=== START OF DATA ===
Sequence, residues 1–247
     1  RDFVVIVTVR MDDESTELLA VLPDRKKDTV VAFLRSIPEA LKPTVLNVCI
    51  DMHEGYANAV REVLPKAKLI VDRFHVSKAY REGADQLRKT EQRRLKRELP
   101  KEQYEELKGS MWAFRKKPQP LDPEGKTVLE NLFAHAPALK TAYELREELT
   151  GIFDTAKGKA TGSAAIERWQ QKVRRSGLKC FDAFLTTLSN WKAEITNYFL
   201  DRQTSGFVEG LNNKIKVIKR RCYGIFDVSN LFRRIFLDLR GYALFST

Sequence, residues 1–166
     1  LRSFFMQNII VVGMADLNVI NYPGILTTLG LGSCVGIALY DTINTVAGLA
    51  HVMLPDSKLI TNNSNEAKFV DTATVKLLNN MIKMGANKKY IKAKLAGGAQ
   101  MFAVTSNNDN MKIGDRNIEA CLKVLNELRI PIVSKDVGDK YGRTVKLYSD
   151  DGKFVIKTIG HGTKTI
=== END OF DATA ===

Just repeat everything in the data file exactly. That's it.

Sequence, residues 1–247
     1  RDFVVIVTVR MDDESTELLA VLPDRKKDTV VAFLRSIPEA LKPTVLNVCI
    51  DMHEGYANAV REVLPKAKLI VDRFHVSKAY REGADQLRKT EQRRLKRELP
   101  KEQYEELKGS MWAFRKKPQP LDPEGKTVLE NLFAHAPALK TAYELREELT
   151  GIFDTAKGKA TGSAAIERWQ QKVRRSGLKC FDAFLTTLSN WKAEITNYFL
   201  DRQTSGFVEG LNNKIKVIKR RCYGIFDVSN LFRRIFLDLR GYALFST

Sequence, residues 1–166
     1  LRSFFMQNII VVGMADLNVI NYPGILTTLG LGSCVGIALY DTINTVAGLA
    51  HVMLPDSKLI TNNSNEAKFV DTATVKLLNN MIKMGANKKY IKAKLAGGAQ
   101  MFAVTSNNDN MKIGDRNIEA CLKVLNELRI PIVSKDVGDK YGRTVKLYSD
   151  DGKFVIKTIG HGTKTI